I honestly cannot see your problem at all.
    NotAPowerRanger and Lalad like this.
  7. Pomza

    Pomza Star commenter

    Nothing wrong with a nice warm chocolate pud, preceded/followed by 30mins of screaming and charging around like a lunatic on the playgrounds...

    Apparently, the kids enjoy this too...
  8. amy092

    amy092 New commenter

    This is by far my favourite response!!
  9. sparklepig2002

    sparklepig2002 Star commenter

    A two course lunch provides a balanced meal.It is better to eat this at lunch time and work it off, than eat it in the evening and then fester infront of the TV.
  10. Milgod

    Milgod Established commenter

    It annoys me that my daughter's school tell her she is only allowed to bring in a 'healthy' snack for break time. She gets penalised because other children are unfit and overweight. I don't think a KitKat is going to make her all of a sudden become obese. The bigger children are mostly that size because they get given massive meals at home. The size that would make me balk.
  11. amy092

    amy092 New commenter

    I definitely agree that some if not most children are in no need of extra school constraints due to a healthy relationship with food being promoted in the home. We are however living in a time where a lot of children have no education at home and are susceptible to the need for food routines and feeling as though they must have more because they are following routines rather than listening to their brains. I do agree with what you're saying also, I think many schools are enforcing stricter rules regarding lunches and snacks more so for a healthy school status and how the school appears to others as opposed to the children's needs.
  12. Vanadesse

    Vanadesse New commenter

    Not being funny but that's bull. I grew up at school having pudding after lunch, sometimes I ate it, sometimes I didn't. Now as a 30 year old, I certainly don't expect two course lunches. My children have pudding after lunch at nursery, sometimes this is a hot pudding. They don't expect two courses at home. In fact, we rarely have puddings full stop, even yoghurts etc.

    As someone else said, having that as an option isn't unhealthy, nor is the chocolate in meal deals. Healthy is keeping that balance between what we eat and what we put out, knowing I'm active enough to enjoy that chocolate. Those kids are sure as hell active enough the other 45 minutes or so of their lunch time.
  13. Pomza

    Pomza Star commenter

    I recommend a daily dose of one of these badboys...


    (@caterpillartobutterfly will kindly note that the cream is an essential component...)
  14. caterpillartobutterfly

    caterpillartobutterfly Star commenter

    Ahhh now, a real Swiss roll has no fat in the sponge and no cream in the roll, therefore is a health food.
    If you add cocoa to the cake part, it adds antioxidant thingies and so is even healthier. (But then you do have to have a choc ganache or choc cream filling, because jam with choc is disgusting.) With a choc Swiss roll you can also use unrefined molasses sugar, so basically we should have some everyday. :)

    This one looked so sad, I felt we should eat it and put it out of it's misery... o_O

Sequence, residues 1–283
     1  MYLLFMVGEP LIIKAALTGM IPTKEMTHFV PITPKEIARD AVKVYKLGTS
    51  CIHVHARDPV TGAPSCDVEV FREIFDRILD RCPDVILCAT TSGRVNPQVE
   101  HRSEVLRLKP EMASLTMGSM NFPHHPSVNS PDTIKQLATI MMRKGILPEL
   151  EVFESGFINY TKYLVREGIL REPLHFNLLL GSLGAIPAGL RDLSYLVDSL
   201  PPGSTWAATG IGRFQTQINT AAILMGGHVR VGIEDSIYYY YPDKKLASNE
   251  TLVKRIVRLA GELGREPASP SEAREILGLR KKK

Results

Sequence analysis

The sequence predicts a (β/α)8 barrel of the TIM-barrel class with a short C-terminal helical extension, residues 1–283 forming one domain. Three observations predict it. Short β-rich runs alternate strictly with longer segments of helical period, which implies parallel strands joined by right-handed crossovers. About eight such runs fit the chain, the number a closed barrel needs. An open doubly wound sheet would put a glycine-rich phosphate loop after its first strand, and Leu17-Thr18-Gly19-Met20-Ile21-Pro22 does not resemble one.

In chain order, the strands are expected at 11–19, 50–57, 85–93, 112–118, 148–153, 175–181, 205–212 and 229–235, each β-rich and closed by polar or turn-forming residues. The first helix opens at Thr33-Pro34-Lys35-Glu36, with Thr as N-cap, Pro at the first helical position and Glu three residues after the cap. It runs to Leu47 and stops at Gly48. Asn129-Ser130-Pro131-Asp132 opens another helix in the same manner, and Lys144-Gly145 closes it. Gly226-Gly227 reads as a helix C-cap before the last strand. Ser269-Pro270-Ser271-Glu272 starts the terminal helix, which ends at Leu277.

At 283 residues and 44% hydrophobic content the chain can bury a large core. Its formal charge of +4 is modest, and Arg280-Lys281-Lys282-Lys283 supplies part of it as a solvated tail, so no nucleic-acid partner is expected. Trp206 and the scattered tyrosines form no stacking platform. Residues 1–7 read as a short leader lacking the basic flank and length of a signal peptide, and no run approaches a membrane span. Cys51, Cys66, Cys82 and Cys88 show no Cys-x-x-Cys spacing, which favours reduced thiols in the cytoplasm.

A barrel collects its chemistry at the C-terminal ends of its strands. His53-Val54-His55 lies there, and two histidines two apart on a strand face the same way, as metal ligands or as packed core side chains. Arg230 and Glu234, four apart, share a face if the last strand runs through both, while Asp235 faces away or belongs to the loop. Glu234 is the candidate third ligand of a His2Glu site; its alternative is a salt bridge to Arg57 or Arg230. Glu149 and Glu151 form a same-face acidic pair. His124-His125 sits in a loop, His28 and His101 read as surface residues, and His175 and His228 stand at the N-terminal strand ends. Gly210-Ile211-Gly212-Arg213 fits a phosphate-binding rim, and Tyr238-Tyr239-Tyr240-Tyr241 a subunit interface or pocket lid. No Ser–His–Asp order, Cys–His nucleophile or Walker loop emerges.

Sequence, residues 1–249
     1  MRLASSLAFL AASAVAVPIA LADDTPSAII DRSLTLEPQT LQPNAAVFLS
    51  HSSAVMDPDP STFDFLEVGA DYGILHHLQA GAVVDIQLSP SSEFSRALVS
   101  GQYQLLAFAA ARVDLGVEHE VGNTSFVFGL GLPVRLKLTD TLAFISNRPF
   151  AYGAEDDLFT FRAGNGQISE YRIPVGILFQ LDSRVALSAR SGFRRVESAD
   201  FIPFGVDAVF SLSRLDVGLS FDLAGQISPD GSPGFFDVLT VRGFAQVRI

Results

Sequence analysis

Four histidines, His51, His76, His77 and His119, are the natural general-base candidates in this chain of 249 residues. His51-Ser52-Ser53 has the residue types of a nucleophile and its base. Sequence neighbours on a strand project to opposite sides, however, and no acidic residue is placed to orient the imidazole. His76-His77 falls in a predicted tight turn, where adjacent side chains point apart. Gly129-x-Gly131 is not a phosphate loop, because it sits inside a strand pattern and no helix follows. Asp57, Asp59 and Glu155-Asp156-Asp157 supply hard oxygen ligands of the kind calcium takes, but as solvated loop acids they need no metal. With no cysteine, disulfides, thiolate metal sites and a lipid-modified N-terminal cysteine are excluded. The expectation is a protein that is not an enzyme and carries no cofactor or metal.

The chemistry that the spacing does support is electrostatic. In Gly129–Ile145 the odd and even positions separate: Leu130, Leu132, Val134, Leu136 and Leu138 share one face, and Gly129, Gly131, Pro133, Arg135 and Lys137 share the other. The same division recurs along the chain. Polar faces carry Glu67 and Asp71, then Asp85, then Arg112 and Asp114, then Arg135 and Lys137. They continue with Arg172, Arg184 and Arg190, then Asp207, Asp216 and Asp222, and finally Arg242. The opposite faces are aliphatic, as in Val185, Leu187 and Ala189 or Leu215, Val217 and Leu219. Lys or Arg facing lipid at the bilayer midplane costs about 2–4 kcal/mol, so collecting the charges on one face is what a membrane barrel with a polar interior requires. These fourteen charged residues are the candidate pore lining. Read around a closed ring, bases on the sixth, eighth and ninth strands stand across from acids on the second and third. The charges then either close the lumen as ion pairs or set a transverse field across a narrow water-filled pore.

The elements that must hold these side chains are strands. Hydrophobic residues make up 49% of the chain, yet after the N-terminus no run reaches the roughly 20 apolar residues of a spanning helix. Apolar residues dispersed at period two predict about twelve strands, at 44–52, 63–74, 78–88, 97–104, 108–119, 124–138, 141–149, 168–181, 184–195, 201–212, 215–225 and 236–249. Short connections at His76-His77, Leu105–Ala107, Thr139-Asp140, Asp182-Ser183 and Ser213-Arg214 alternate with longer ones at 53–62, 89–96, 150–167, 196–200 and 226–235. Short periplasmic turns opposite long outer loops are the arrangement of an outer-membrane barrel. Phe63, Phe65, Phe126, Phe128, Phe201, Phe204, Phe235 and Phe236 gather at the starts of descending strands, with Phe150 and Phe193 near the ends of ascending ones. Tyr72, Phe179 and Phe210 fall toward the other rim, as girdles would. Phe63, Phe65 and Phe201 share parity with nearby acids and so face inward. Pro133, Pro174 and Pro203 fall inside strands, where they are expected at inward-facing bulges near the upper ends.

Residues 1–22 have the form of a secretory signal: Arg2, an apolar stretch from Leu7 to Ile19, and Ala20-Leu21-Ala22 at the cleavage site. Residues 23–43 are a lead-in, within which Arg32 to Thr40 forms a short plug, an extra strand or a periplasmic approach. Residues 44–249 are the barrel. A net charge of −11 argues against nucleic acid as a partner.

Billie73 and amy092 like this.
  15. galerider123

    galerider123 Lead commenter

    • Getting KS2 boys to actually sit down and eat any lunch is more of a problem in our school- all they want to do is go out and play football!
    • Most 2 course lunches are all doled out on one tray (in different little slots) so in all honesty it doesn't really look like a 2 course meal anyway.
    • Some of our children need every calorie they can get- you can tell the ones that don't get much at home- they are the skinny ones that ask for everything and wolf it down
    • I have seen home packed lunches that consist of (only) a packet of crisps.
    • Most desserts are quite light in school- jellies, yoghurt, fruit etc .
    • I asked my then KS2 child what healthy eating was and he seemed to think that "eat fruit" was the answer. Children need to know about all the food groups (including essential fatty acids - fats- because, despite what the media suggests, they are, well, essential..)
    The main thing I remember about food and being little was that I was always hungry. I think that getting them fed is the main thing.
    Activity is the main thing that our children lack, not dietary advice.
  16. dunnocks

    dunnocks Star commenter

    Many children need the calories.
    Pomza likes this.
  17. Pomza

    Pomza Star commenter

    Got rid of the prison trays. Who ever decided children deserve that...?
  18. Pomza

    Pomza Star commenter

    I'll pick a couple up next time I'm in Holland and Barrett...
  19. caterpillartobutterfly

    caterpillartobutterfly Star commenter

    Those who have to wash them up I expect.

    We have proper two course lunch though.
    Children have their main course and when all have been served, they can start to collect puddings when the teacher on duty gives them permission.
    There is no compulsion to have pudding, but most do.
    (This sounds very civilised, but it is actually to save on staff serving and is a cost cutting exercise really.)
    amy092 likes this.
  20. Pomza

    Pomza Star commenter

    I'd have thought your gaff would have had a butler to deliver all the SpottedDicks?